The highway to Hana, Maui should be listed as another wonder of the world. Each day thousands traverse the narrow road that hugs the coast of southeast
Maui. It is a miracle that the over fifty one-lane
bridges, many of which are over a hundred years old, don’t collapse beneath the
steady stream of cars. Drivers are rubber necking to see the most beautiful
waterfall, and angling to find a pullout near unmarked trail heads to take a
closer look. Pesky locals press tourists trying to take in the beauty on the
unfamiliar curvaceous highway to go faster. That distracted drivers careening
around blind curves don’t plunge over the steep precipice into deep gulches to
an instant death is a mystery to me.
Chaos can be avoided if you do the highway my way. Make arrangements to spend at least two nights in Hana, rather than rushing in and out in one day to the Seven Sacred Pools aka O’hi’o Gulch. This gives you time to explore and make stops along the way. Fuel up at trendy Pa’ia, the gateway to Hana, where there are several good eateries. While you are there, stop at the Mana Food Store to pick up a few supplies for picnic lunches. Leave at about noon giving the rest of the travelers a head start.
Stop at the Garden of Eden about halfway into the drive. There you will find miles of manicured lanes winding through an incredible array of tropical plants shaded by the canopy of towering mango, banyan, and enormous fanning palms. Viewing platforms framed in luxuriant foliage overlook a vast blue expanse of the Pacific and stunning
. I strolled through the garden in
reflective solitude on a sunny day in January, peak season in the Puohokamoa Falls Islands. When you leave the Garden of Eden keep an eye
out for the trail head just past the eleven mile marker to the pool beneath where you can take
a dip. Upper Puohokamoa
I wanted to make this journey back to what is left of Old Hawaii to revisit a time when I was in formative stages. Seeing the lush tapestry of deep ravines cloaked in deep green and spiked with orange African tulips soothed my weary little soul way back then and still does today. I dropped out of society to live on the north
in 1978. I found
peace there listening to the patter of rain on the leaves, lull of the surf breaking
on the reef a half mile out, and waking to the chorus of birds. I remembered
taking long walks on lonely beaches and just being there. I hoped Hana would
allow me this once again. shore
There only a few places to stay in Hana: the exclusive Travassa Resort, a smattering of bed and breakfasts, or setting up camp at Wai’anapanapa-Black Sand Beach. The beach park is riddled with sacred sites, burial grounds, and caves that are easily accessed on a coastal trail that wraps the bay. Ferocious bearded monsters pummeling the black lava into sand make a dramatic show, but don’t make for safe swimming. I found an eco-lodge tucked in the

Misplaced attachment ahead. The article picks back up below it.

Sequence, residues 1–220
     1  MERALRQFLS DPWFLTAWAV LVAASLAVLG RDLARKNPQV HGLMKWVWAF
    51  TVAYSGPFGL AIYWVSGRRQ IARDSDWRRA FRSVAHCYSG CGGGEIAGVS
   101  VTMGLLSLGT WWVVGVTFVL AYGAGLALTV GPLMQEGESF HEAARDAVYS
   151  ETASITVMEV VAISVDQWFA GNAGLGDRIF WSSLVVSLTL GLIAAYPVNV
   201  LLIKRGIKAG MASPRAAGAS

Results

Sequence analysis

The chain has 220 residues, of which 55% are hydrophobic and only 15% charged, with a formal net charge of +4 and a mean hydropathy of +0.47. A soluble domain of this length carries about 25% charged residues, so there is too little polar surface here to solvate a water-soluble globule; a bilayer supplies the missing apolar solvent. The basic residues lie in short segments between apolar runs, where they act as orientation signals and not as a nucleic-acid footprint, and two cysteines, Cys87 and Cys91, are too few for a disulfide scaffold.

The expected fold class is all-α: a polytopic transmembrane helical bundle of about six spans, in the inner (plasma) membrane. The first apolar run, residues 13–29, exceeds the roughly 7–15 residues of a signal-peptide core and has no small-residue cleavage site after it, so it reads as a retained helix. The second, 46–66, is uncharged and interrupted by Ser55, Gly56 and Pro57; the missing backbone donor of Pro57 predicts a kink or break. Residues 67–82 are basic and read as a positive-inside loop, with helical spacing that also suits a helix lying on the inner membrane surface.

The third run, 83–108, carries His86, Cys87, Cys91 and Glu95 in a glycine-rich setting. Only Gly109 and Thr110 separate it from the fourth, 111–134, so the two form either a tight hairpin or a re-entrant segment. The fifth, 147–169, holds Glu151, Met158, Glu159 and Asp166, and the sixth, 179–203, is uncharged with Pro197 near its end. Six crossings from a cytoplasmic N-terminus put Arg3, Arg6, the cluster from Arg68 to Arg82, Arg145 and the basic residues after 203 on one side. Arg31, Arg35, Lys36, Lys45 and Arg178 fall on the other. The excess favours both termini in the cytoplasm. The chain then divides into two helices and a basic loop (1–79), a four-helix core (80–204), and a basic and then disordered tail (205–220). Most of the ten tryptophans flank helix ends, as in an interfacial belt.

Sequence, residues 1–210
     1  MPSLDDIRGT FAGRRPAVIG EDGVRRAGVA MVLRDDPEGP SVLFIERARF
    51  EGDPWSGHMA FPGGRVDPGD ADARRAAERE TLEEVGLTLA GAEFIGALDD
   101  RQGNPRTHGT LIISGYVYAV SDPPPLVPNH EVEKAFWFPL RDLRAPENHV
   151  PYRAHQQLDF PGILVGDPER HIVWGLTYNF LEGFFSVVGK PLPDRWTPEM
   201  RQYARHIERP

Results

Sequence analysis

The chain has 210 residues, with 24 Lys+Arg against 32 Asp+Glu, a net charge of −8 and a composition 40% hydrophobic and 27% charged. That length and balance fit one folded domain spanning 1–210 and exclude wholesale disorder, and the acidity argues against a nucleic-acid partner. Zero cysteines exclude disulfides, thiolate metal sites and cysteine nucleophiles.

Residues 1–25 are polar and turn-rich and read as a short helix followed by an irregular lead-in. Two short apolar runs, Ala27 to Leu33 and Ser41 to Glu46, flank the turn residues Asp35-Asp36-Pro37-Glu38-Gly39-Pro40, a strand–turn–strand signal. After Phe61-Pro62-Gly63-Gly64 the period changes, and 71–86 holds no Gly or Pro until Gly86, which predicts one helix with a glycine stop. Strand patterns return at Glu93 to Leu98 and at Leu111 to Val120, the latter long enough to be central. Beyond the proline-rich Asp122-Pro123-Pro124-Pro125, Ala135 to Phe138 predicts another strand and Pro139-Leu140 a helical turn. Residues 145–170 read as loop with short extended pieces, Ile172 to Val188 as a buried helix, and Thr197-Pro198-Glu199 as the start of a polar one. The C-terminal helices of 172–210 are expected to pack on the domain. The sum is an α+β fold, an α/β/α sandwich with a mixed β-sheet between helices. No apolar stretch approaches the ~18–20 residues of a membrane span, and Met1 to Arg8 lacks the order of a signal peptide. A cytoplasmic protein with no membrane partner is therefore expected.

close to the beach park. The entrance to
Kahanu gardens, the site of the largest and one of the best preserved heiau (temple)
in the Hawaiian Islands was about a half mile from my rustic digs. You must
make reservations to tour this 15th century heiau that spans three
acres. Hana Botanical
I rose early and drove through sparkling, dew-laden meadows stopping to take in splendid
Wai-lua Falls along the way to .
I was eager to hike the Pipiwai Trail, a root and rock strewn path that traces
a death-defying gorge up to the Haleakala National Park , a 400-foot plunge
down a sheer rock face. A portion of the track took me though a towering
wind-whipped bamboo forest that felt like being inside a giant wind chime. By
the time I got back to park headquarters the tourist vans had arrived. I shared
the famous Seven Sacred Pools with other travelers from around the globe. Bracing,
sweet water spilling over rock ledges to form three large pools did not
disappoint. I swam in the second pool that is said to “free limitations.” Waimoku
The rest of day was spent lollygagging at a scalloped-shaped cove where gentle, turquoise waves curl onto a powdery sand shore.
by far the best swimming beach at this end of the world, is not to be missed Hamoa Beach
|Ka'ahumanu (Wai-nani ) as I see her|
Kauai is where I fell in love with the relaxed ways of the
Islands, the warmth of the people, and beauty without end.
That is where I met Captain James Cook, Kamehameha the Great, and his favorite
wife Ka’ahumanu who became the inspiration for my novel Wainani; A Voice from Old .
She was a royal whose mother hid in a cave here in water-rich Hana so that her
child would not be killed by her jealous ex-lover, the ferocious ruler of Hawai’i Maui. Hanalei on
the north , most recently
the backdrop for the film The Descendants,
was a sleepy, backwater when I was there. That is what Hana still is
today—remote, rugged, rainy, undisturbed, gorgeous, and inhabited by a few
lucky souls who want to keep it that way. shore
On the way back to civilization I enjoyed a diversion to the Ke’anae Peninsula. This road hugs a dramatic coastline and deposits you at a handy beach park. While sitting beneath a broad-leafed tree on a rock perch watching enormous swells cresting into foaming white against jutting lava, it became clear to me; the searing sunsets, the embrace of warm translucent waters, the endless azure skies, and the wind voices had spoken. My imagination was ignited once again by primal elements; earth, wind, fire and the ceaseless energy of sea as sure as these
Islands continue to be forged
by them today— and forever will be.
Take Maui Revealed by Andrew Doughty with you. It is an excellent guide to the
Hana Highway experience.
Hana Maui home page